JULY 19 2023

Contact: Sophie Grimes, Communications Coordinator
Organization: Collaboration for Early Childhood
Phone: 708-613-6122
Email: sgrimes@collab4kids.org
Web: Collab4kids.org/news


The Oak Park-River Forest Community Foundation’s Women Leaders in Philanthropy Committee selects the Collaboration for Early Childhood as 2023 grantee to expand their work beyond Oak Park.

Oak Park, Illinois, July 19, 2023 The Collaboration for Early Childhood, a collective impact organization based in Oak Park Illinois, has received a grant to provide sensory kits and related professional development – including working with Occupational Therapists – to early learning programs in communities neighboring Oak Park. The Collaboration will utilize American Rescue Plan Act (ARPA) funds to provide these materials to early learning programs within Oak Park.

The experiences of young children during these recent difficult years have resulted in different patterns of development that require innovative forms of support. Many young children’s in-person and social group interactions have been limited, and their resulting behavior patterns require a shift in the understanding of children’s current needs related to social and emotional development.

We’ve heard from early learning professionals both anecdotally and through focus groups that they are in need of guidance and resources to better support children’s social and emotional, fine motor, and self-regulation skills in this post-pandemic early learning environment that we’re all currently in. This grant will allow us to strengthen early learning professionals’ responses to the current developmental needs of the children in their care through materials and professional development opportunities,” says Shannon Ellison, Director of Programs and Contracts at the Collaboration for Early Childhood.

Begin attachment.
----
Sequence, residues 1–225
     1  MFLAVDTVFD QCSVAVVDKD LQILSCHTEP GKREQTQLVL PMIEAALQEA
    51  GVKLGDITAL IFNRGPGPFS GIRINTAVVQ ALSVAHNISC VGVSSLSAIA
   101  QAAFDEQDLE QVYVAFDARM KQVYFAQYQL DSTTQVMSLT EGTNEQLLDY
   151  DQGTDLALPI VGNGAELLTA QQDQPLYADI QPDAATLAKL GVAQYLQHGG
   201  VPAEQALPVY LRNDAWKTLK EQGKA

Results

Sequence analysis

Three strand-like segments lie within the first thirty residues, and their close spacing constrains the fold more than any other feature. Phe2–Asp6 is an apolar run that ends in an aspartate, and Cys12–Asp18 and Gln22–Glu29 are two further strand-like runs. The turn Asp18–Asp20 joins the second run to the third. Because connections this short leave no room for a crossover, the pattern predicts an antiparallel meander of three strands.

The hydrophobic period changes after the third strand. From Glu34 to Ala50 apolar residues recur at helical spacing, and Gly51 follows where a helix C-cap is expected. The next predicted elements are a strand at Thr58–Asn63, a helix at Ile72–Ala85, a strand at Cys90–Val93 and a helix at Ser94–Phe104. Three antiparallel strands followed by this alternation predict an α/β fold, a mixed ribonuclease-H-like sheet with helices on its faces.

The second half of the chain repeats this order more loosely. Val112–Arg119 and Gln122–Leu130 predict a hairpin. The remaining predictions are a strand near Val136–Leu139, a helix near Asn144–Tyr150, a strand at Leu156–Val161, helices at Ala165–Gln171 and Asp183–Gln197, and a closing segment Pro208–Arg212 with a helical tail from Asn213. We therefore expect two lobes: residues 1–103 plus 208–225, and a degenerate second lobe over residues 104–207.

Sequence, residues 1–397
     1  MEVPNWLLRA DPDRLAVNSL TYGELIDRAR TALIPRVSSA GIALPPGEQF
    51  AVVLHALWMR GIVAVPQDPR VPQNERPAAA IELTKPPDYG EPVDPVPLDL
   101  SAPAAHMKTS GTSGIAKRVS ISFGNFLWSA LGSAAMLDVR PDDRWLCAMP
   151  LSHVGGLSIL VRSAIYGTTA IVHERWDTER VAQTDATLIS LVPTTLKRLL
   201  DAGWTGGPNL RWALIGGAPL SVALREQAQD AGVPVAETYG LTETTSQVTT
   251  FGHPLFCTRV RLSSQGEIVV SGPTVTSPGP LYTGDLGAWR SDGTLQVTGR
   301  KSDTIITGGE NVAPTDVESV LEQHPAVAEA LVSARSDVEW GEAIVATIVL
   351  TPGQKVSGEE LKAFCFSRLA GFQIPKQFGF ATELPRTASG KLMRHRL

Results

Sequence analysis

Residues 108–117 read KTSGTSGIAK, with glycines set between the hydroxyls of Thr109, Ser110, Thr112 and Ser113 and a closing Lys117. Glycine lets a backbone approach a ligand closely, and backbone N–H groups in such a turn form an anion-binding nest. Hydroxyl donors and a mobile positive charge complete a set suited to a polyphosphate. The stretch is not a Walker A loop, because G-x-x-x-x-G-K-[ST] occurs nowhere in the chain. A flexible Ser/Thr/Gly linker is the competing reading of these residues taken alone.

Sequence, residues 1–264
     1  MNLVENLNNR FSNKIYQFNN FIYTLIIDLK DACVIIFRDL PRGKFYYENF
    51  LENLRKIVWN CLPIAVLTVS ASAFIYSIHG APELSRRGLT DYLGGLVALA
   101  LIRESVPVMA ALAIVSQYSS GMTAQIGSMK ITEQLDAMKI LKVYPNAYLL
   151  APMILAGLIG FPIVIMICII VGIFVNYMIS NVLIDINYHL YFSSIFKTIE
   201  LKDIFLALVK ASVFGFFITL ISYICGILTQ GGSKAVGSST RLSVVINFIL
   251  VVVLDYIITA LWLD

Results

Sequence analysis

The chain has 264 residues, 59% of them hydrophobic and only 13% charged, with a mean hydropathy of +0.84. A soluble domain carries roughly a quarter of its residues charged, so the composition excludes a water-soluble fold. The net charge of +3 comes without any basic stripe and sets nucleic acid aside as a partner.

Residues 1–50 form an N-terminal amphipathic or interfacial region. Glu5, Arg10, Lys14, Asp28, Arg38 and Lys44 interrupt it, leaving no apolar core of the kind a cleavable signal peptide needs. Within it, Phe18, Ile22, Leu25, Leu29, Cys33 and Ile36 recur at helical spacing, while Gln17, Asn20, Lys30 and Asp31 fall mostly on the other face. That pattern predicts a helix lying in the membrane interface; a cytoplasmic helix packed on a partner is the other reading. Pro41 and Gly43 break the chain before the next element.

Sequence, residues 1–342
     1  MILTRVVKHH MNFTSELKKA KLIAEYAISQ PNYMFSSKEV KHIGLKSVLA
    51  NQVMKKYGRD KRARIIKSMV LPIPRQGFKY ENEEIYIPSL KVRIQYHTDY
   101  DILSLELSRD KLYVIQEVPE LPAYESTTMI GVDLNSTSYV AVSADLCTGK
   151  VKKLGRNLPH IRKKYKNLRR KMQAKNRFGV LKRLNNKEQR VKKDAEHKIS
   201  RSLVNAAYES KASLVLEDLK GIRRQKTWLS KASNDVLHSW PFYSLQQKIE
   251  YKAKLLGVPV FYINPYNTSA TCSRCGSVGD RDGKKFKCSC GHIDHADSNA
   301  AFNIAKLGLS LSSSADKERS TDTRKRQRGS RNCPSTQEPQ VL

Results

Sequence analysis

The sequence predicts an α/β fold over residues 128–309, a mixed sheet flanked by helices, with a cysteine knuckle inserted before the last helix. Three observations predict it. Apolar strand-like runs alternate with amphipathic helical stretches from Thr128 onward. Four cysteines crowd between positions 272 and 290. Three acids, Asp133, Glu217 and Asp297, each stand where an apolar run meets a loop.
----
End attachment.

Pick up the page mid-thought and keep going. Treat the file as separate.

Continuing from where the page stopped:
On the whole, the program is designed to include up to 30 early childhood educators, approximately 15 working in home-based programs and approximately 15 working in center- or school-based programs. Thanks to the WLIP grant, the Collaboration for Early Childhood has the potential to directly benefit up to 450 children in early learning programs outside of Oak Park in the first year. The Collaboration will cultivate new partnerships with educators that will bring new ideas and perspectives to the Collaboration’s existing early childhood networks. 

“Every year Women Leaders’ members select cause areas to fund, which are informed by community needs research provided by the Oak Park-River Forest Community Foundation. This year we had three key priority areas: mental health interventions and/or preventative services, reducing gun violence, and high quality early childhood education and/or early childhood development services and interventions. The Collaboration’s proposal to strengthen early childhood resilience in our neighboring communities through sensory kits and training aligned powerfully with our early childhood priority area,” says Mary Kay Martire, Chair of Women Leaders in Philanthropy.

“In addition to providing educators with more tools in their toolboxes to reframe their thinking about what has become “the new normal” of development in early learning environments, the program will encourage educators to self-reflect on behaviors that they perceive to be disruptive, and in turn break down implicit bias toward those behaviors and the children who embody them. In essence, this training is trauma-informed practice,” says Mary Reynolds, Executive Director of the Collaboration for Early Childhood. 

This new program is one crucial piece of a larger puzzle of efforts that the Collaboration is working on to support the emerging needs of families and educators as they continue to recover from the effects of the COVID-19 pandemic. The grant will also allow the Collaboration to “Widen System Impact,” a key priority in the organization’s new strategic plan.

About the Collaboration for Early Childhood

The Collaboration for Early Childhood is a community-driven organization that cultivates the development of the whole child, birth to age five, by engaging families, local organizations, early childhood educators, caregivers, and health providers to create equitable, nurturing, and interconnected systems of support. We envision communities where every young child has the care, relationships, and resources needed to thrive and to begin school safe, healthy, and empowered to succeed.

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